We’ve already set up three members of your entourage: a coach, a dreamer, and a doer. These people are here to push you further as you build up your skills and expertise and are here to provide different perspectives on your work. But who is in your entourage who can see you as you are and be there for you no matter what you’re going through? Who’s first reaction won’t be to coach you through an obstacle but instead will listen to each aspect of your situation as it is? This person is the fourth member of your entourage, and is your ally: A person who is on your side, no matter what.
What exactly is an ally? The dictionary definition of ally (verb) is “to be united formally; to associate or connect by some mutual relationship,” and as a noun, simply “supporter”. Your relationship with your ally is founded on shared experiences, mutual support and understanding. While your other three entourage members provide new perspectives, your ally is someone who sees work, life, and a career in science in the same way you do. An ally is someone who shares your dreams, recognizes your anxieties, and understands your goals, and doesn’t always have advice or an opposing view point for each situation you face.
There are a lot of great examples of best friend/allies out there: Captain Kirk and Spock, Tyrion and Bronn, Spongebob and Patrick, Austria and Hungary. While allies do have complementary perspectives or skills, what’s key is that they are by your side through thick and thin. Why? Just because they’re your friend. While the goal of the coaching relationship should be clear in terms of what the expectations are from both parties, for an ally the relationship is simple: Just be there when your ally needs you, and they’ll be there for you in return. But ‘being there’ seems like a bit of a vague term: what is an ally’s actual job in your research entourage?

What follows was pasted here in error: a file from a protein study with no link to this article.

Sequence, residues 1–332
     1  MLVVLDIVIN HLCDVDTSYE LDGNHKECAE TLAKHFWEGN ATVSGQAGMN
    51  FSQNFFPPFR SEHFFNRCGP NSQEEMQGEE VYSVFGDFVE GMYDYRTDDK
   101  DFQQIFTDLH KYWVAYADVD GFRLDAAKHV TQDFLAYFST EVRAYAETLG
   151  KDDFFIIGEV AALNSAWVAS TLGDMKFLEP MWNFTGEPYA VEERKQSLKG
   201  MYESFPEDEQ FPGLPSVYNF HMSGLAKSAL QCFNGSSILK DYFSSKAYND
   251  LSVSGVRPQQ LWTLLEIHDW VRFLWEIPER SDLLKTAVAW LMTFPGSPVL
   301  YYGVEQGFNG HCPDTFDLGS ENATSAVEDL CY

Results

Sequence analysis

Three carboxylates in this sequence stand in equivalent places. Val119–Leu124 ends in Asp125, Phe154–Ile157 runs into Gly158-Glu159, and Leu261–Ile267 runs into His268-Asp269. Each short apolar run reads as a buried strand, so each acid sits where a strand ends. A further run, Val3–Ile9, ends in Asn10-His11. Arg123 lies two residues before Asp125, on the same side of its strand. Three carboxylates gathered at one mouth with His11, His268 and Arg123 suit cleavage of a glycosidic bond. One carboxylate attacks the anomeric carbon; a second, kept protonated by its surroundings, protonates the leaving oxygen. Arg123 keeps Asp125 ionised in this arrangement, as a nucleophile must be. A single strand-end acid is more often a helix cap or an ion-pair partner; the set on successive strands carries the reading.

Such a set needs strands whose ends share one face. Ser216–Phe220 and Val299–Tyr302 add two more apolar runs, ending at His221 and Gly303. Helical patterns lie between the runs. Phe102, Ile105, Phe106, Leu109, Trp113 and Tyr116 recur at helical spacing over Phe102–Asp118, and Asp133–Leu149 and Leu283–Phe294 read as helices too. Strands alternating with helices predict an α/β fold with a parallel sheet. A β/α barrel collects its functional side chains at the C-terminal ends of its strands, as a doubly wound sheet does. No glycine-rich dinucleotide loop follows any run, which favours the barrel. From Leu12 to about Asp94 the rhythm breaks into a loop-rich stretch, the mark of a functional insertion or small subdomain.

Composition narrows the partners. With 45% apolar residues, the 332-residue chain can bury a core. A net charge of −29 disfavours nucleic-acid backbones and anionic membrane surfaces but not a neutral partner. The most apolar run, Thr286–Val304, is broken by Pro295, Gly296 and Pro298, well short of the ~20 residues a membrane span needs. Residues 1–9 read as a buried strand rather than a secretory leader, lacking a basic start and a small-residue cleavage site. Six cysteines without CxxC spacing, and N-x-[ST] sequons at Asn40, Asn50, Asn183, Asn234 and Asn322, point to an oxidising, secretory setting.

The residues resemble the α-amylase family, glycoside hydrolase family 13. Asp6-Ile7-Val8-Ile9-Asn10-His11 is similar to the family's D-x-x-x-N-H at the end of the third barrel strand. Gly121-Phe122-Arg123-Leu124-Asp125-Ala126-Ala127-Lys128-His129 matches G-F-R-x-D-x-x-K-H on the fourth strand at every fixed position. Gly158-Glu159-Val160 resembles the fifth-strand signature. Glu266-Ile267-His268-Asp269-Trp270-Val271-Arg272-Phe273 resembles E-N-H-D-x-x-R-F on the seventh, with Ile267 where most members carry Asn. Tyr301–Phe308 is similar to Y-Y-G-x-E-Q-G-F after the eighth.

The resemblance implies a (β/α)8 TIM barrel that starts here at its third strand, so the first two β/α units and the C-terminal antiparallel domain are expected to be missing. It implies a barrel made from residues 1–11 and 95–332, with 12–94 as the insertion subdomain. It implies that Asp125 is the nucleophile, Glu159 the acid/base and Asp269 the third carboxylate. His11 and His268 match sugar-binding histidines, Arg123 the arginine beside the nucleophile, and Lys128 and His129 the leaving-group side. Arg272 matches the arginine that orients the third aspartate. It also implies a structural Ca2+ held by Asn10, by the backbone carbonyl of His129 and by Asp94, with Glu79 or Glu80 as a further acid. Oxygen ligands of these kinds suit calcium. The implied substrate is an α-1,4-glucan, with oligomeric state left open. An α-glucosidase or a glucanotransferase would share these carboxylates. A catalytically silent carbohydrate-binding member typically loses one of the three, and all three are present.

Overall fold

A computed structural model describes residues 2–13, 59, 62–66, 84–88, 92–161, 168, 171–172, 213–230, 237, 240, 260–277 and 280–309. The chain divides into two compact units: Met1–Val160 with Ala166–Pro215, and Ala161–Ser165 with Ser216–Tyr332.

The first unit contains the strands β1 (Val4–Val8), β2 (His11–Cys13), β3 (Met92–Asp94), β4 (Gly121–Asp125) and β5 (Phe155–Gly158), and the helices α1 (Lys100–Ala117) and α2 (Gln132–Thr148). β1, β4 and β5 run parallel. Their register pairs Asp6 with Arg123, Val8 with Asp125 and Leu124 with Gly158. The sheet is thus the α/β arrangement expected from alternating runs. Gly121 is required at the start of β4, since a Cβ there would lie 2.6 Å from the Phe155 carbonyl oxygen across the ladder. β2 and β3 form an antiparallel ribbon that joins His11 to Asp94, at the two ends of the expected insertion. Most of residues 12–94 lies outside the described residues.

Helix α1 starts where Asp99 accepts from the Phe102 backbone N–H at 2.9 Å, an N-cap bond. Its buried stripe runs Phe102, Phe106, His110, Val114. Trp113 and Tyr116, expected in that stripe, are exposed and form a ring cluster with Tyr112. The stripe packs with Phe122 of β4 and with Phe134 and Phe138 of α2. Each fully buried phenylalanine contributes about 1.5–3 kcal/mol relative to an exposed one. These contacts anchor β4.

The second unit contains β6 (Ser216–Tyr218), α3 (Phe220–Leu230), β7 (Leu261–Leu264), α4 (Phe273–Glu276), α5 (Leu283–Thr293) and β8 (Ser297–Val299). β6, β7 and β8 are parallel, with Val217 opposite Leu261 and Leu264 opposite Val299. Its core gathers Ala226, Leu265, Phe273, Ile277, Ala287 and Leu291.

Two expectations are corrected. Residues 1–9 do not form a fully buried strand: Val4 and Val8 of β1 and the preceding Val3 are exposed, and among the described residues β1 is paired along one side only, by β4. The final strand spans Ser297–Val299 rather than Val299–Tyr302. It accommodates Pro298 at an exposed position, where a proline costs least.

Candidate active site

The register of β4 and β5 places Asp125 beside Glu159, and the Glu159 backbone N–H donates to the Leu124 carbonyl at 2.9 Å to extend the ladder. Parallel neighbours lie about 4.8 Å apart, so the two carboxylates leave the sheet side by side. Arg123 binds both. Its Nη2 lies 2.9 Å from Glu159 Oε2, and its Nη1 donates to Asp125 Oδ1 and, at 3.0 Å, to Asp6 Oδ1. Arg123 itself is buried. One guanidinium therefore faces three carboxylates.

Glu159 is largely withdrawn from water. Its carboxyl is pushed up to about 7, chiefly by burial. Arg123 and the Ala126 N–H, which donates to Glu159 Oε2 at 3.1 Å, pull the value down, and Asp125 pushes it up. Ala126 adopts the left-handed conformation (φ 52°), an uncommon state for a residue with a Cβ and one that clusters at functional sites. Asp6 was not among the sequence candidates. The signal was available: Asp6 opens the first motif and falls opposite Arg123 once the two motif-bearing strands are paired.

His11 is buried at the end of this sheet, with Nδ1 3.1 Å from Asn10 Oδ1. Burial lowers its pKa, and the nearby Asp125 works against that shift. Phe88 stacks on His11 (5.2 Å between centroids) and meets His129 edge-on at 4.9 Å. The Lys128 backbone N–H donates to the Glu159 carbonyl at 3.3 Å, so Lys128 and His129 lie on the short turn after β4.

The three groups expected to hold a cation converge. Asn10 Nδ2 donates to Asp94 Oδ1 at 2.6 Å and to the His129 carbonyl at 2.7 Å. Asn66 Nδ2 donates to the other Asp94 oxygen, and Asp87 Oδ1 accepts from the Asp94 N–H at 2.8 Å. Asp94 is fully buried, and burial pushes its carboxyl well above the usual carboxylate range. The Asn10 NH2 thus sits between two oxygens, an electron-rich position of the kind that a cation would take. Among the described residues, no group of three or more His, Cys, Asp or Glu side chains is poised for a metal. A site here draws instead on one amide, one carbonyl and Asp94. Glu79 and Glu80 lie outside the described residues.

What makes a good ally?
- A person you can talk to and know you’ll get a straight answer from. A good ally is always on your side-but also knows the importance of talking straight. An ally is a person that you can trust to hear the truth from, a person that won’t pull punches, and one who will see things as they are. While the truth may not always be easy to take, having someone in your entourage who isn’t afraid to tell it like it is can help you see the truth in complex situations.
- A person who see the world through similar eyes as you. The best kind of ally is one who has a similar outlook on the world as you. Because your ally isn’t you, even though they are a lot like you, they can see a situation with a clearer perspective, and can offer advice as to what they would do in your shoes. This advice is generally well-given and thought out, because it comes from a person who knows you well, who sees your dreams and your worries, and who most importantly sees things from a similar viewpoint, but not the exact same one, thus providing a bit of neutrality in assessing the situation. A third party perspective from someone with a similar viewpoint can help you see a way forward when your own doubts or frustrations might be blocking the way.
- Laughs and celebrates with you during your good times and empathizes with your tough times. Allies are always the first ones to share good news with, the ones who will applaud the loudest at your presentations, and the ones who will be as excited for you as you are for yourself when you accomplish things. And when times aren’t as easy going or successful, your ally is there to listen to your story and to hear you out when you’re feeling down. No matter what, you’ve got someone at your back, good times or bad!